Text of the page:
Gazprom has an uncanny ability to do things that are morally reprehensible by Western standards and to be oblivious to the critics that ensue. Image building and public relations are concepts that have not sunk in, even more so as Russians have the deep belief to be justified in their actions, be it with its dealings with Chechnya or Georgia, or when cutting gas to Europe in January 2009. Russians also like to push situations to the limits, just like driving without seatbelts and passing cars with incoming traffic on an icy road.

Gazprom and Ukraine: who’s bad?

Russians are full of contradictions, and so is Gazprom. One can only be amused to read its mission statement extracted from its Gazprom in Figures 2004 -2008 and 2008 Annual Report that state: “OAO Gazprom mission is to ensure an efficient and balanced gas supply to consumers in the Russian Federation and fulfill its long-term contracts on gas export at a high level of reliability.”  That did not prevent Gazprom from bluntly cutting the gas supply to Ukraine in January 2009 over non-payment issues and quantities to be supplied, impacting 18 European countries in the mix in the midst of a cold winter.

The image of Russia as a reliable partner has been severely damaged, even more so as this was not the first time gas supply to Ukraine was cut like in January 2006. Even the Soviet Union did not tamper with gas supply, knowing how important the energy cash machine was to its economy and survival. Those cuts prompted (i) end-user countries to find alternative suppliers and (ii) producing countries that rely on the Gazprom pipeline network, to find alternative export routes for their existing clients, in addition to finding new clients.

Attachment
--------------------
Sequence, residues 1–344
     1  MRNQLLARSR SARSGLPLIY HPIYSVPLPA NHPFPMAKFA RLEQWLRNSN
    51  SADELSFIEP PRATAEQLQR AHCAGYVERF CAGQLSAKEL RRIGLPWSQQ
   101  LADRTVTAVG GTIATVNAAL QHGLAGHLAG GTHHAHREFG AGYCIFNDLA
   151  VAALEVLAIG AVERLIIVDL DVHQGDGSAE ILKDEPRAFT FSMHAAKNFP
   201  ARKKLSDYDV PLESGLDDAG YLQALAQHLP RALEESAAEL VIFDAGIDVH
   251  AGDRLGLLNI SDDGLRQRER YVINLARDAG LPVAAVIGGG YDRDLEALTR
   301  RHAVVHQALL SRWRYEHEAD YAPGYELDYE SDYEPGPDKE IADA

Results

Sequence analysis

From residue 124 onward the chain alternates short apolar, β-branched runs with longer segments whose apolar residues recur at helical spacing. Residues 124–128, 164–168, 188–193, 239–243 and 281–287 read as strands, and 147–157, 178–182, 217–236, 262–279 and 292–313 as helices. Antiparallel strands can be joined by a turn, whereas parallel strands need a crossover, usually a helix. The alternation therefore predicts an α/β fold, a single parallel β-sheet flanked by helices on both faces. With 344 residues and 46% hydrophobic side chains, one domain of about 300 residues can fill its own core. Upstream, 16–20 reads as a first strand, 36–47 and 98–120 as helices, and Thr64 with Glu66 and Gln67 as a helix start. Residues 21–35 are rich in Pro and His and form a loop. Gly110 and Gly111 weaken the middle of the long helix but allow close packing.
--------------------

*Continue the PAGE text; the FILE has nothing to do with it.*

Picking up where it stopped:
In this context, the Nabucco Pipeline that bypasses Russia gains momentum while Turkmenistan can sigh with relief with the new Central Asia – China Gas Pipeline inaugurated in December 2009 that takes gas from the Caspian Sea via Uzbekistan and Kazakhstan to China.

Russia makes no efforts to work on its international public image but Russia and Gazprom would have benefited from elaborating over the payment mechanisms in place with Ukraine. For many years, Ukraine has enjoyed discounted prices, significantly below world market prices. It also has resisted price adjustments sought by Russia.  Those sweet deals have been detrimental to Ukraine and to the competitiveness of its industry. According to the European Bank for Reconstruction and Development (EBRD) “Ukraine is one of the most energy-intensive countries in the world and is only one-third as energy efficient as the average European country.”

The following facts would have been good to communicate to show that Russia and Gazprom were sensitive to the challenges that gas price increases represent for Ukraine, both economically and socially. At the end of 2008, Ukraine was enjoying heavily discounted prices and resisted Gazprom’s price adjustment efforts, despite a very preferential rate being offered. Gazprom went as far as to lower its price offer from $418 to $250 for 1,000 cubic meters. When the Ukrainians made a counteroffer of $235, Gazprom reverted to if initial offer of $418. The lack of agreement over pricing by December 31, 2008 led to the January crisis. After the crisis, Ukraine still paid 20% less then European prices. Starting in January 1, 2010, a 10-year contract stipulates that Ukraine will switch to market prices.